Time is at a premium for all GPs, as patients seeking appointments amid the seasonal surge of winter bugs know all too well. Patients who cannot see a doctor may end up in the hospital, with conditions that could have been more easily treated if they had been seen earlier — and at a much lower cost to the state.
The return to normalcy after years of relative isolation puts more pressure on primary care than ever before, meaning many young children are more vulnerable to common infections because they haven’t had a chance to develop immunity over time.
Dr Walley said about 98 per cent of GPs had been computerized for more than a decade in an effort to improve efficiency. A secure clinical email system – HealthMail – exists specifically to allow healthcare providers to send and receive clinical patient information in a fast and secure manner. It came into its own during Covid-19 as the preferred method of sending prescriptions between GPs and patient pharmacies.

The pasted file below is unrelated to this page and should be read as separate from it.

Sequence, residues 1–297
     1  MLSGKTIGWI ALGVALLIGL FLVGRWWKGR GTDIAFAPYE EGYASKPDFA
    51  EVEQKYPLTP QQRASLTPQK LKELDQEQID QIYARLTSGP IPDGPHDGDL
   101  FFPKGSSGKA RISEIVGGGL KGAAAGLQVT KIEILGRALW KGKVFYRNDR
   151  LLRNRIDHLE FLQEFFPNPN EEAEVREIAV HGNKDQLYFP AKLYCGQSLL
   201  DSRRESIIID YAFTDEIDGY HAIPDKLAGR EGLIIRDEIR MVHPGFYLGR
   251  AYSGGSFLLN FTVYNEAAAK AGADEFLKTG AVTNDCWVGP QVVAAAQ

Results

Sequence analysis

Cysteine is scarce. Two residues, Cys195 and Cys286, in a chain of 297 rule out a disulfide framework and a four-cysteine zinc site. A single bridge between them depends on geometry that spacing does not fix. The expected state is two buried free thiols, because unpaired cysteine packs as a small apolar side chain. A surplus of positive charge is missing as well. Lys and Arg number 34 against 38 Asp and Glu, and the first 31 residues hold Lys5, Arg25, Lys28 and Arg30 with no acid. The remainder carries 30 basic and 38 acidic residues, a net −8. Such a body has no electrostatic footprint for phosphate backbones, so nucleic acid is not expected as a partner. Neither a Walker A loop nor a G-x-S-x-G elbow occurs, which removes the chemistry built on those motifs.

Pharmacists, for their part, say the GP’s original prescription should include acceptable alternatives. And they claim that communications with the surgery, including Healthmail, often go unanswered or patients arrive at the pharmacy outside surgery hours. They want the government to put in place a severe-shortage protocol that allows pharmacists to provide alternatives when stocks of prescribed drugs run out.
Claire Fitzell, head of professional services at the Irish Pharmacy Union (IPU), noted that the UK introduced similar provisions earlier this year. “This will allow pharmacists to use their own professional judgment to provide the equivalent product to the patient without the need to go back to the GP.”
GPs remain cautious, warning that patients may suffer idiosyncratic reactions to certain drugs, and that pharmacists do not have the complete data on patients that GPs do, which could make them aware of such risks.